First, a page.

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Published 05 March 2013 07:01, Updated 10 April 2013 07:40
Former ABC journalist Jacqueline Arias started Republica Coffee after visiting Colombia. Photo: Louise Kennerley
I have a problem with analysis that purports to show that women lack ambition when it comes to business.
It is often said that the reason women do not put themselves forward for promotion – or are under-represented at executive levels – is that they really don’t want the top jobs.
Yet what could be more ambitious than to start your own business?
We know there is a diaspora of women from corporate life into small business, an enterprise that has a 40 per cent failure rate. These are talented, entrepreneurial women who are prepared to give up the comfort of a wage to pursue the dream of being their own boss.
And even though, to start with, their dreams may have to be folded around caring for a family, there are many who have created something big from nothing.
In the Australian Businesswomen’s Network Hall of Fame, there is, for instance:
None of these women lack ambition or are afraid to take risks – and there are plenty more where they came from.
Over the past five years, the number of women running a business has grown by 8.9 per cent, according to a Bankwest Business Trends Report from 2012.
And, according to the publication Australian Small Business Key Statistics and Analysis, put out by the Department of Industry, Innovation, Science, Research and Tertiary Education last December, women are almost as likely to start a small business as men are.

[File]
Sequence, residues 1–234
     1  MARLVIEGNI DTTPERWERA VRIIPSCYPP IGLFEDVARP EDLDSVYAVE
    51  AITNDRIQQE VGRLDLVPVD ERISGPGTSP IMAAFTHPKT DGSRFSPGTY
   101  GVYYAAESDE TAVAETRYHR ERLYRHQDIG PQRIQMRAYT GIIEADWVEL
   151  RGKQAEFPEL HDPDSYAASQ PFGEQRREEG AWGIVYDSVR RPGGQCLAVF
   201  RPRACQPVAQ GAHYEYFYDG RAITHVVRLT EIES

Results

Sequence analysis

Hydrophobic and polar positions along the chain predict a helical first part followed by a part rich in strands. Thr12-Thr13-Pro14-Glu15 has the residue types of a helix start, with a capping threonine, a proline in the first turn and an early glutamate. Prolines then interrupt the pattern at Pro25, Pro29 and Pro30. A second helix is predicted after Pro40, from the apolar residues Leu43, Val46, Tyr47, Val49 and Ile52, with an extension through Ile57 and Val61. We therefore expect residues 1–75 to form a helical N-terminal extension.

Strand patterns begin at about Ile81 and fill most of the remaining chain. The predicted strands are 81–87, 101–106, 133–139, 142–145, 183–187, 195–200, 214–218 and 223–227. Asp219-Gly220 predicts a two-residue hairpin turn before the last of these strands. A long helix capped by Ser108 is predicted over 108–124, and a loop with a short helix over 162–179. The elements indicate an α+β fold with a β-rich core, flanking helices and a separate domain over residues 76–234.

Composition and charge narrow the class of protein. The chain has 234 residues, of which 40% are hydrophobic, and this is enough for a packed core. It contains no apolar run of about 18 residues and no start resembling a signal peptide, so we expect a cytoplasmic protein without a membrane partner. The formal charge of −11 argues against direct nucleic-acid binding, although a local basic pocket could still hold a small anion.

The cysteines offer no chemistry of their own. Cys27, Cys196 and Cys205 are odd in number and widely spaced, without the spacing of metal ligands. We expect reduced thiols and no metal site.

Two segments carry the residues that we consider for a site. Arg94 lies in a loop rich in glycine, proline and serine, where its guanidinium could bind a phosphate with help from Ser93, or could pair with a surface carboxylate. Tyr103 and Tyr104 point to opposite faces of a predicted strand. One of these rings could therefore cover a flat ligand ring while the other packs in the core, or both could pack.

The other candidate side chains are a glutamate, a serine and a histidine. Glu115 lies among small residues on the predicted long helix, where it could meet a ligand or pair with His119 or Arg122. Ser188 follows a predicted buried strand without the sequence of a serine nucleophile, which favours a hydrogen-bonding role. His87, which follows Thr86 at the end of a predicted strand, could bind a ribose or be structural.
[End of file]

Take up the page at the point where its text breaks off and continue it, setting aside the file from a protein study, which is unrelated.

“Overall, Australian women are marginally under-represented as firm founders, and there are important gender differences regarding what type of firms are created,” the report says (my italics).
“Female representation is particularly low in the construction industry, while manufacturing is largely male-dominated. Conversely, retailing, health, education and social services are largely female-dominated industries.”
Women were slightly more likely to be driven by necessity (14 per cent, compared with 9 per cent for men).
Women were also slightly more likely to be trying to keep the business “small and manageable” rather than aiming for maximum growth, but keeping it small was also the overwhelming preference of men.
“Twenty seven per cent of male-only ventures go for maximum growth, compared with 13 per cent of female-only start-ups.”
The CEO of the Australian Businesswomen’s Network, Suzi Dafnis, says the picture we get of women in business is often clouded by the presumption that big is better.
“You have to look beyond the corporate model,” she says. “We need more [female] role models than just the head of Westpac because that misses the richness of the community of entrepreneurs.
“I think loads of us grew up with the idea that we had to get a good job and retire with a pension. We’re still encouraging people at school to get a good job. Entrepreneurialism is not being taught.”
Dafnis says women are more likely to be using new technology to create a business than to be developing that technology.
“They’re not developing the latest app or Google, but what they are doing is using the technology to do e-commerce, working out of the home offices and telecommuting.
“Some of the things that used to be barriers are now no longer there.”